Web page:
High resolution screens (for their time) also appeared at this time, although they were not affordable for everyone. Some icon designs, such as My Computer and Recycle Bin, have changed their appearance, though most have remained the same as Windows 95 and 3.1.
Windows 2000 and Windows Me (2000)
Like Windows 98, Windows 2000 came with 256 color system icons, which were available in 32 × 32 and 48 × 48 pixels. Several large desktop icons have once again taken on a facelift, with more detail and color depth. Windows Me used most of the icons with Windows 2000.
Windows XP (2001)
Windows XP first supported 32-bit icons (16,7 million colors). The graphics took off, and the icons got a translucent shadow, they had a greater inclination for a greater sense of depth (about 3/4), as well as curves at their edges. As with Windows 2000, most XP system icons were 32 × 32 or 48 × 48 pixels in size but with much more color.
As far as design is concerned, the XP icons made a fresh start, giving Windows a new style. Windows XP was considered the most successful version of the operating system to date, and complete refresh and icon quality played a role.
Windows Vista (2007)
In Windows Vista, Microsoft included a new Aero interface that emphasized glossy translucent effects and shadows. For the first time, Windows appeared with a set of 256 × 256 pixel system icons. However, the set was not complete and so if you used small icons in Explorer, they were essentially the same on a smaller scale.
Microsoft was accused of trying to copy the icons of Mac OS X. However, Vista was generally a failure and we quickly moved on to the next version, Windows 7.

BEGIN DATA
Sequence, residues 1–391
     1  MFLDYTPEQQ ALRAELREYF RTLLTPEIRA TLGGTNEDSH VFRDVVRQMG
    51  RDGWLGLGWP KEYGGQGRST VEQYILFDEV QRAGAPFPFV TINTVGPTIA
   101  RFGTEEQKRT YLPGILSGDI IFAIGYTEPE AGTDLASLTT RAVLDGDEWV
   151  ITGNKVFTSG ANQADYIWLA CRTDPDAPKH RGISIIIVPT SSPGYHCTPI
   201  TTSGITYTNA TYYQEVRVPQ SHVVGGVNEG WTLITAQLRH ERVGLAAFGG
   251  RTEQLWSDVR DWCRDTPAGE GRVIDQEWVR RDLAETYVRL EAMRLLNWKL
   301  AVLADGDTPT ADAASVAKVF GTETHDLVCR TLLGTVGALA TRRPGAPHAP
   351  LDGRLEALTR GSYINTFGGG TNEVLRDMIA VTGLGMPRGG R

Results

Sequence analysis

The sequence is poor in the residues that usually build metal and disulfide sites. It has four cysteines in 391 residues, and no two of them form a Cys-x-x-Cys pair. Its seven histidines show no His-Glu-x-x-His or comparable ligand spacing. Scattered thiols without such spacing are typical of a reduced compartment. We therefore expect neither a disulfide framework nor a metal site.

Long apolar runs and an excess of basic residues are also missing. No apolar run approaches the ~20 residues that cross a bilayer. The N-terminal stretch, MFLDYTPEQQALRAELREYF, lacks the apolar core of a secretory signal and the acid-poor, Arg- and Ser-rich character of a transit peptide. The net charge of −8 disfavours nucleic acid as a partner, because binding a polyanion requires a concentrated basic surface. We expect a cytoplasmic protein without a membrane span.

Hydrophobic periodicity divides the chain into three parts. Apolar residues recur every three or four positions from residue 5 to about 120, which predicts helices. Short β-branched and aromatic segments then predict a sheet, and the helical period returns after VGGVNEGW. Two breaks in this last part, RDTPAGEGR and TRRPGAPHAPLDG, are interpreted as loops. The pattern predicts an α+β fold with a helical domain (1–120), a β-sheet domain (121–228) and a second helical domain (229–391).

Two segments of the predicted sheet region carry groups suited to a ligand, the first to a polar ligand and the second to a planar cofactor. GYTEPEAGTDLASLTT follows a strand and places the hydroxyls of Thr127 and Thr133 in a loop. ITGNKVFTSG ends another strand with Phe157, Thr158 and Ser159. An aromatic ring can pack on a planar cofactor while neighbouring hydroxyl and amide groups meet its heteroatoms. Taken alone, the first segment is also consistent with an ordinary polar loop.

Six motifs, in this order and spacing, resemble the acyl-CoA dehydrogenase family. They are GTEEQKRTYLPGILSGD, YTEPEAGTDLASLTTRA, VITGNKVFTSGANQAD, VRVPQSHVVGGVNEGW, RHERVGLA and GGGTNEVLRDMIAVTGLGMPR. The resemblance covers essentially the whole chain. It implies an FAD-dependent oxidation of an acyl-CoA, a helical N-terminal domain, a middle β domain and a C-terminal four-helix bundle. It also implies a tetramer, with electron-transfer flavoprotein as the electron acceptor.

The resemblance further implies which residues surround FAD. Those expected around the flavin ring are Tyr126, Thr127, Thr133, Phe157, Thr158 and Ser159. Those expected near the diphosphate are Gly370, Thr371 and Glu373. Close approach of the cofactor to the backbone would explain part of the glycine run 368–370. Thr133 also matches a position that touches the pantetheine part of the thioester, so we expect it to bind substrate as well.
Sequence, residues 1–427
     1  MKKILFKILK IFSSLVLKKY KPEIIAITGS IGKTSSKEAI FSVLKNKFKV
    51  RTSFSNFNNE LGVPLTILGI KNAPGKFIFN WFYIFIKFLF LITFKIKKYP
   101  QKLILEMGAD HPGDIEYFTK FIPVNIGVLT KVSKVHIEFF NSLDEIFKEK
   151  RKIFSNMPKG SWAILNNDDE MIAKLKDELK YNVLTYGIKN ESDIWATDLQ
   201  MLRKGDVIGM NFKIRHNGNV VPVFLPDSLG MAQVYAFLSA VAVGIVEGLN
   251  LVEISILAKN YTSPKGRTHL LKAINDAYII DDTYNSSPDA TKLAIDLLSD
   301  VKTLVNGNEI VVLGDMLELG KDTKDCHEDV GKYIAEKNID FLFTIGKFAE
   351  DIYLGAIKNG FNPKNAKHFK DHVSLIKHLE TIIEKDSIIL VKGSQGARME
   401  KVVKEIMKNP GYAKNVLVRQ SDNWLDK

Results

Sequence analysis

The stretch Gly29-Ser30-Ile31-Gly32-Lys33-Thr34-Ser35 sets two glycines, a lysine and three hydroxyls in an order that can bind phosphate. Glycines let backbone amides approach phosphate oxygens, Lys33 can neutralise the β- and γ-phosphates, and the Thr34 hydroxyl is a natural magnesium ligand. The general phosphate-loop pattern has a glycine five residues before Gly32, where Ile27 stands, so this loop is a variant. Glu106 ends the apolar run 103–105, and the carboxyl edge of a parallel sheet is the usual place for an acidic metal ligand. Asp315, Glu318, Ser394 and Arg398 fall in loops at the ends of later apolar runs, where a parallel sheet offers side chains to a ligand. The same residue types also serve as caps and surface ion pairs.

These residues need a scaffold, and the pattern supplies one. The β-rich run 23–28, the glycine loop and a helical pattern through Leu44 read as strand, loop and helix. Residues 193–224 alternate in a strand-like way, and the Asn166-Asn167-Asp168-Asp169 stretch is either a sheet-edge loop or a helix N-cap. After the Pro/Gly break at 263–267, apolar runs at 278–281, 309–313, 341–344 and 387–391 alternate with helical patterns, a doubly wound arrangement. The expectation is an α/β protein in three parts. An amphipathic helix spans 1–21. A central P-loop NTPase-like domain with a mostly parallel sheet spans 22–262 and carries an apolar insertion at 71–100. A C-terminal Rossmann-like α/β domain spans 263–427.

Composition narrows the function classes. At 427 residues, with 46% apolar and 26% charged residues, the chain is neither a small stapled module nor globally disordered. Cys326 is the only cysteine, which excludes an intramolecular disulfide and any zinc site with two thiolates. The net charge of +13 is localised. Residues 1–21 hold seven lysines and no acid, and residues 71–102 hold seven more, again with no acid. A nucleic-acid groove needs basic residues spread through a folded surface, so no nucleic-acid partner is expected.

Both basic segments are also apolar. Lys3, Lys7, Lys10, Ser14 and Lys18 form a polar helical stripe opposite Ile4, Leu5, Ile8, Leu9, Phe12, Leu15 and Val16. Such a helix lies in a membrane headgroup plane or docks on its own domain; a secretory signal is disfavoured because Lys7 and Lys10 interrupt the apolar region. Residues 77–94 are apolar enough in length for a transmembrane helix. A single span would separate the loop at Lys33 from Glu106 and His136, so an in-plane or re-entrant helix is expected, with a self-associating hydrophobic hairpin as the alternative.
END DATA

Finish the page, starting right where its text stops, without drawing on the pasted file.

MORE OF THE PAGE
Windows 7 (2009)
Windows 7 used most of the same icon set as Vista, but changing some of the basic icons for programs such as Control Panel and Microsoft Paint. Several revised icons have a smoother, more direct look, less glossy than Vista.
Windows 8 (2012) and Windows 8.1 (2013)
Windows 8 had a completely radical look design. The Start Button was missing and a new type of icon called "Tile" appeared for the first time, allowing dynamic information updates within the tile itself, on the home screen.
In Windows 8.1, the Start button reappeared and many application icons became simple white silhouettes of objects or shapes on a solid, colored background.
Windows 10 (2015)
Windows 10 contains the Tiles icons of Windows 8, while File Explorer also uses icons from both Windows 8.1 and the Windows 7 era. slopes.
At some point in 2020, Windows began to be released new application icons in the Microsoft Store who abandoned the flat, angular appearance of the Tile, in favor of the more colorful icons with a more rounded design.
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As of today, the Windows 10 icon set is still a huge mixed pool of at least three or four different icon styles transferred from older versions of Windows.
Windows 11 (2021)
In recent years, Microsoft has been experimenting with a unified set of brand new icons for Windows 10. It looks like these icons will be released in full version with Windows 11.
Windows 11 will probably completely abandon the concept of Tile in Windows 8 and 10 and will have more depth and color. So far what we have seen is a flat animated look with low detail. With the advent of the standard version of Windows 11 we will see the final result.